Coming from IDEs with full-blown svn support such as Eclipse and Netbeans, I'm wondering what is the recommended way to use svn with Textmate? Is it all manual, ie using the command line, or are there features that allow you to diff/checkin/merge/etc in Textmate itself?

up vote 8 down vote accepted

There is a plugin for textmate wich can be found here: http://www.reinventar.com/2008/07/svn-plugin-for-textmate/

The plugin mentioned in that post is SVNMate

  • I use it all the time, it is excellent. – Kris Jan 29 '09 at 15:34
  • 4
    Note that SVNMate "only" displays the svn status as badges in the project tree and is no longer developed. It's superseded by ProjectPlus (ciaranwal.sh/projectplus) of the same developer. Execution of svn commands can be already done via the built-in Subversion bundle (ctrl+shift+a). – Alexander Klimetschek Feb 12 '10 at 11:26

Ciarán Walsh has replaced SVNMate with ProjectPlus -- in addition to Subverison it handles Git, Mercurial, Bazaar and Svk.

I've never actually used it, but isn't there an existing Subversion bundle in TextMate. Is that not adequate for you?

  • Thanks, I found that and it works great, however it does not show the status of changed files so SVNMate seems to take care of that. – Abdullah Jibaly Jan 2 '09 at 2:37

The svn menus can be accessed through ctrl-shift-a. I find that this bundle is a bit less intuitive than using svn in eclipse, but it does do the job. The one gotcha that I've gotten caught on is that you need at least one open file in the project in order for the svn menu options to be available. I close my tabs as soon as I'm done with the files, so this has come up a few times.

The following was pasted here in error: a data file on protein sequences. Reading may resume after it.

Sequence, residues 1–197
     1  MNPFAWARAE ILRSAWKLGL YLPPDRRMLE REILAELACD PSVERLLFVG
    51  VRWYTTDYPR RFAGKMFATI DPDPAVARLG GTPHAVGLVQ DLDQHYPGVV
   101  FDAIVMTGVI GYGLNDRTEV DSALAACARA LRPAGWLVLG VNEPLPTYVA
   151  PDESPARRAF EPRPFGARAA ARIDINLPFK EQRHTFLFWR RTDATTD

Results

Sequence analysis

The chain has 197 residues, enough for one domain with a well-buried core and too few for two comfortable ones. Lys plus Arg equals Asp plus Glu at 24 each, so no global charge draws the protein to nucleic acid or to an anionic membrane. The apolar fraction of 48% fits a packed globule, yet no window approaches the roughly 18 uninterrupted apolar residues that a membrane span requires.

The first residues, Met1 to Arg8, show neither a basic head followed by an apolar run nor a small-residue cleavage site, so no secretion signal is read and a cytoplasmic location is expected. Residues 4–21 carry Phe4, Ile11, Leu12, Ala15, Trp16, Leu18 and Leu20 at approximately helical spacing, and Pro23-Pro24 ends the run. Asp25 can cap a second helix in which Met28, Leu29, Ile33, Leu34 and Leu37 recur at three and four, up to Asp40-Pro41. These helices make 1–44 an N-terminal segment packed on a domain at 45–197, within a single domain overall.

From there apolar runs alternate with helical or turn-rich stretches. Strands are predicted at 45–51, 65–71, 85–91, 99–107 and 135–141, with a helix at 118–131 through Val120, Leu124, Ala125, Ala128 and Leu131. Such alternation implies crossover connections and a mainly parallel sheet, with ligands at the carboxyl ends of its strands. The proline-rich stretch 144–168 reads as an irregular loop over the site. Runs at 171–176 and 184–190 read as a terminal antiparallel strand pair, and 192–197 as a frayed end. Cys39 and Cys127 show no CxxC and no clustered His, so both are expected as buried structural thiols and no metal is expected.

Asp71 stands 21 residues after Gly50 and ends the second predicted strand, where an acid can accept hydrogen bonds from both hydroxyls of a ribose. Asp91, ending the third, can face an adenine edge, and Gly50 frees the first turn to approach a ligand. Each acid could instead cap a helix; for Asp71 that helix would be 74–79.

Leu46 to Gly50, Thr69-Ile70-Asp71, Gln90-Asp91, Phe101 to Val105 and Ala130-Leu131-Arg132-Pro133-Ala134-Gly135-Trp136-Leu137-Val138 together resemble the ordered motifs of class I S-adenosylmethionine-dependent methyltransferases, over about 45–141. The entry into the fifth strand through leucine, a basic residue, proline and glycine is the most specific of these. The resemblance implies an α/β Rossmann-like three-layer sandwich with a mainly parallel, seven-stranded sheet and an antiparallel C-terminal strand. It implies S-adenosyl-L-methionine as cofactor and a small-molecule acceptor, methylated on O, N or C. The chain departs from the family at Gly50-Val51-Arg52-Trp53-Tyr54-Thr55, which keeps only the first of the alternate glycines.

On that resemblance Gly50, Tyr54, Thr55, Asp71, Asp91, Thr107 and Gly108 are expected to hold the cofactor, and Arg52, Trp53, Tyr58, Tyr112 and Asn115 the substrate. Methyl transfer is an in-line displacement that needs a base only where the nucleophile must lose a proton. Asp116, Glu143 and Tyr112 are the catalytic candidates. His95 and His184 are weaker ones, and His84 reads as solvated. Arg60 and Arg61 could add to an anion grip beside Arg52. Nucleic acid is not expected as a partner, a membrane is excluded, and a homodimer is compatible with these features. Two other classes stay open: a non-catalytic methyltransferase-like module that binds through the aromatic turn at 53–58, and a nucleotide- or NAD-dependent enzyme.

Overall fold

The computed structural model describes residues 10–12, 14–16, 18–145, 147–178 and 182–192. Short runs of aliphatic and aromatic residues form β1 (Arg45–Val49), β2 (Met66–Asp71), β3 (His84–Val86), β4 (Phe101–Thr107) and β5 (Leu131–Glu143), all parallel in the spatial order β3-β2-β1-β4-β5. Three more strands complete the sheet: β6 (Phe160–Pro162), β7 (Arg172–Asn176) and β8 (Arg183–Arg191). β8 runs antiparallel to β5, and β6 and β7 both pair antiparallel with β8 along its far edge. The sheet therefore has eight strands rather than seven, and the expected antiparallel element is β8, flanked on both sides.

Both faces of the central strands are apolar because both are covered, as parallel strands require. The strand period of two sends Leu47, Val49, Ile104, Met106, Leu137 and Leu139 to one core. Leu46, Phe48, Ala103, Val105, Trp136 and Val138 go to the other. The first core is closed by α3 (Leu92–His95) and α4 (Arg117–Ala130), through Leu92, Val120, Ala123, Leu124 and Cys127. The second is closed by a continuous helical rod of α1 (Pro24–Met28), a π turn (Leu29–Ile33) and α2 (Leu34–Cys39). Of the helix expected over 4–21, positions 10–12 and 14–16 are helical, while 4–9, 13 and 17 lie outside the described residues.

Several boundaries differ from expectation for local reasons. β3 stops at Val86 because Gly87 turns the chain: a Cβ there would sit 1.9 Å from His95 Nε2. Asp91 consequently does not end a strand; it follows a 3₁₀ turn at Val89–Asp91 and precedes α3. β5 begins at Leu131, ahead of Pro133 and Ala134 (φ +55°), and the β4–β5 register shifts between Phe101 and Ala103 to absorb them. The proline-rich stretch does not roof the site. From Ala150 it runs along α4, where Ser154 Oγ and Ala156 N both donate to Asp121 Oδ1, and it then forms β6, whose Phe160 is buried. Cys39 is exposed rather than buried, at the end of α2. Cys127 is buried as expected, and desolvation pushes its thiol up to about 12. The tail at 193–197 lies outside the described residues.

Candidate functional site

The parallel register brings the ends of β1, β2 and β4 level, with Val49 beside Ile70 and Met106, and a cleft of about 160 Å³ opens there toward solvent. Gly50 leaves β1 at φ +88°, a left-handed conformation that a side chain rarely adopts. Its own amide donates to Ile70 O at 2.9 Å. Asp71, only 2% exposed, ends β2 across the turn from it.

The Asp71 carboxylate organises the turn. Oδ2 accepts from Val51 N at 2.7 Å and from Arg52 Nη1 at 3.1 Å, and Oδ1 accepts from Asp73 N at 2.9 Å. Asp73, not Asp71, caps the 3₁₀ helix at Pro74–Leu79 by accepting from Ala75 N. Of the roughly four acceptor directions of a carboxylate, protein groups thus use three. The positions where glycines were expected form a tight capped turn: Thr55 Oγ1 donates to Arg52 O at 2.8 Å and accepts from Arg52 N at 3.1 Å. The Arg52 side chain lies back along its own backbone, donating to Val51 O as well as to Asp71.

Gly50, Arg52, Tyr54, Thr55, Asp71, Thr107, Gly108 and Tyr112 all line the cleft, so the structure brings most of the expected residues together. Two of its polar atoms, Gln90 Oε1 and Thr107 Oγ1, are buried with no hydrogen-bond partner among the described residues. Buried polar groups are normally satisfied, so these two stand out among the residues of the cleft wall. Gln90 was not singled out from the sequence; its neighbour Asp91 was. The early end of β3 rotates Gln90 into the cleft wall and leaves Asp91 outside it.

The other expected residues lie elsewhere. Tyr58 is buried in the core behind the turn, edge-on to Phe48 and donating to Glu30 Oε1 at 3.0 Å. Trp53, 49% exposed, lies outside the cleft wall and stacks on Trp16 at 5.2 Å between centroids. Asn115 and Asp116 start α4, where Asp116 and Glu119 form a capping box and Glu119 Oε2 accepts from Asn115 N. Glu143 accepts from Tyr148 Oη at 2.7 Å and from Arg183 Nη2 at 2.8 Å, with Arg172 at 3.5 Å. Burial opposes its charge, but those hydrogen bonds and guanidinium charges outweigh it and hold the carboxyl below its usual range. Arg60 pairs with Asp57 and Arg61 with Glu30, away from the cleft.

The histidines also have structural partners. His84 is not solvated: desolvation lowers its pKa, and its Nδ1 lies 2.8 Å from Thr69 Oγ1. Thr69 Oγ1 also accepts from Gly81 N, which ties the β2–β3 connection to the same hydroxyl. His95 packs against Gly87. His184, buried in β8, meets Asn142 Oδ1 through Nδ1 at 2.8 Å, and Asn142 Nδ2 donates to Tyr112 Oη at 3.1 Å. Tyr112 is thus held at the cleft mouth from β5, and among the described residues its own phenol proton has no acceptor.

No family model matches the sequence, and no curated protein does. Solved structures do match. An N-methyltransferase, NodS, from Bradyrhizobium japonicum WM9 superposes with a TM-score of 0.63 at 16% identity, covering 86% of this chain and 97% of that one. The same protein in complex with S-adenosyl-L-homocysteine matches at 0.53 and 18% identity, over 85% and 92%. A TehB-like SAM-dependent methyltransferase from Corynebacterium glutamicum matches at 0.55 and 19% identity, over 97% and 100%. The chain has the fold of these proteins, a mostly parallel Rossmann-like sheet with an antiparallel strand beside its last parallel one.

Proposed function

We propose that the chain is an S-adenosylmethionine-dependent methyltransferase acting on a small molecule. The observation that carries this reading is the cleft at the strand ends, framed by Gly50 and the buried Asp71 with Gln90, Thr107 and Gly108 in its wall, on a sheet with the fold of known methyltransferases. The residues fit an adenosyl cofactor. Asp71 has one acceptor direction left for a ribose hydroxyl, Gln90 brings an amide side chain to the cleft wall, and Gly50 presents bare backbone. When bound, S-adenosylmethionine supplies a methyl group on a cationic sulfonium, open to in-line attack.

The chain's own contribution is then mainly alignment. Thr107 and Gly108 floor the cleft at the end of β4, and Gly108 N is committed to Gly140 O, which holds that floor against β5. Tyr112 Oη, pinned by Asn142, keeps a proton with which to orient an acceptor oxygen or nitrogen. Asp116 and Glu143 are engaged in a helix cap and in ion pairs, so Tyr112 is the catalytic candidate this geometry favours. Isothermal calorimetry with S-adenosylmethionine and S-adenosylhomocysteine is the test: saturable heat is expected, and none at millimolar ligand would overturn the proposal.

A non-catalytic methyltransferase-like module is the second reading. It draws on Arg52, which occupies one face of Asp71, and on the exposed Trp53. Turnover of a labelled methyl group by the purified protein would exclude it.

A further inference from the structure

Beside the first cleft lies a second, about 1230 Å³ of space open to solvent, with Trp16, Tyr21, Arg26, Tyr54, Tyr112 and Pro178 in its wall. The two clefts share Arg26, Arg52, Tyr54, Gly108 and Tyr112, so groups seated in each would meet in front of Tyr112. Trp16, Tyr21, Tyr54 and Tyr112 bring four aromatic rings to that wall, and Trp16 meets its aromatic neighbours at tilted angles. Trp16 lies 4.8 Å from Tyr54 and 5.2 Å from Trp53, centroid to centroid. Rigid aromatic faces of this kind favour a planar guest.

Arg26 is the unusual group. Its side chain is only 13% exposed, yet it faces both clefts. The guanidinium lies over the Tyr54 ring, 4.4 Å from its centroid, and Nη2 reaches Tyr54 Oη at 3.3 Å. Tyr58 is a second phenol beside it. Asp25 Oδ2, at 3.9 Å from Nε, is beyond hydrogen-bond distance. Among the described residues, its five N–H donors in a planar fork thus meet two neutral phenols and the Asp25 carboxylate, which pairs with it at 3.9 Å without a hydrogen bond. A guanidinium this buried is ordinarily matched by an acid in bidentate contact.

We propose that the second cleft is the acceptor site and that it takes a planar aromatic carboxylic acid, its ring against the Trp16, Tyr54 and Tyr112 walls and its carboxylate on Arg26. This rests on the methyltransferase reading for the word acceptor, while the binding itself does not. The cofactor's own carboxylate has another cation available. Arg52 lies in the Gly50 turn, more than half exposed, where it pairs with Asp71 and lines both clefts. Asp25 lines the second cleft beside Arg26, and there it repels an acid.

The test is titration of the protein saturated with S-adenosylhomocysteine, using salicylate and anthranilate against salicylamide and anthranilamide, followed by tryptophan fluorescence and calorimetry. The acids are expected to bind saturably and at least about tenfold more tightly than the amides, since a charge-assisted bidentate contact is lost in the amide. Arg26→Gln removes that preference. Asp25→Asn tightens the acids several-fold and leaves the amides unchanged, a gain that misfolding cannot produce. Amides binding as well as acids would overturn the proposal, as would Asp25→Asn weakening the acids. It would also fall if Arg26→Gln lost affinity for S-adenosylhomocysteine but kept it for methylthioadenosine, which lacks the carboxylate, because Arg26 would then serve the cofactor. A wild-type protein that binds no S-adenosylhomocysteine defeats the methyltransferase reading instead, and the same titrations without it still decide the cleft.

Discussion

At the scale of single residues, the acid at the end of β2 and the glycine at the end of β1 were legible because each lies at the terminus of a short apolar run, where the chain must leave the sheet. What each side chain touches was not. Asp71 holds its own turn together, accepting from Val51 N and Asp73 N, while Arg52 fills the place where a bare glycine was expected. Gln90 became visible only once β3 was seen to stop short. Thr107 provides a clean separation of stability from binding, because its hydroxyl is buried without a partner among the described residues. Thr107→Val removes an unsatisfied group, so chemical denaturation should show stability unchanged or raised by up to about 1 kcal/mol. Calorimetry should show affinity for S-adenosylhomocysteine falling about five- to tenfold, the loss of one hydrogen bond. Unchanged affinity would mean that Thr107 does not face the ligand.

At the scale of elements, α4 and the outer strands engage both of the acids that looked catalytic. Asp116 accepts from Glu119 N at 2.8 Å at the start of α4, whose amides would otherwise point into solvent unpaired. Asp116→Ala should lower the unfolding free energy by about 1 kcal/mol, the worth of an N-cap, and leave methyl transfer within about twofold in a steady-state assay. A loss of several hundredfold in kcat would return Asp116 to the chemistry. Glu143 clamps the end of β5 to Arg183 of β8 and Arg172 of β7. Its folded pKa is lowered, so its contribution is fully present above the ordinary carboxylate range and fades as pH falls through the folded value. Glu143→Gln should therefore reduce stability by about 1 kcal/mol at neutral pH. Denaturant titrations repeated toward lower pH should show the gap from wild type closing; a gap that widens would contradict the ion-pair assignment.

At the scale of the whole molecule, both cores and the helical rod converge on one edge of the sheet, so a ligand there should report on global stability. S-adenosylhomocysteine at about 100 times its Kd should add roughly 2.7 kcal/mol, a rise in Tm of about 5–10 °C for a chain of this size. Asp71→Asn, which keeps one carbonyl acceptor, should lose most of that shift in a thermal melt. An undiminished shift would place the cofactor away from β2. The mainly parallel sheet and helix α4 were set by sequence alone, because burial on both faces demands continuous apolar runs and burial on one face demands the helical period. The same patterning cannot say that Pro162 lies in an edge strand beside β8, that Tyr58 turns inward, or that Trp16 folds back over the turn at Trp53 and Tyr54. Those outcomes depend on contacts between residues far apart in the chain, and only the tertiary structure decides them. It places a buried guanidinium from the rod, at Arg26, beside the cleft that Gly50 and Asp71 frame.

Although Project Plus is great for quick visual checks on file status, you will still probably need the SVN bundle for doing diffs and merges - which I have to say the existing SVN bundle handles pretty well.

Try looking at the merge options; you can do a side by side comparison of diffs, choosing what you want to include in the merge from either file.

What you can't do is do diffs on arbitrary files - however you can do this using the diff bundle, funnily enough. It's not something that I need to do as regularly, but it has come in handy a few times.

project plus is the textmate way of doing versioning ;)

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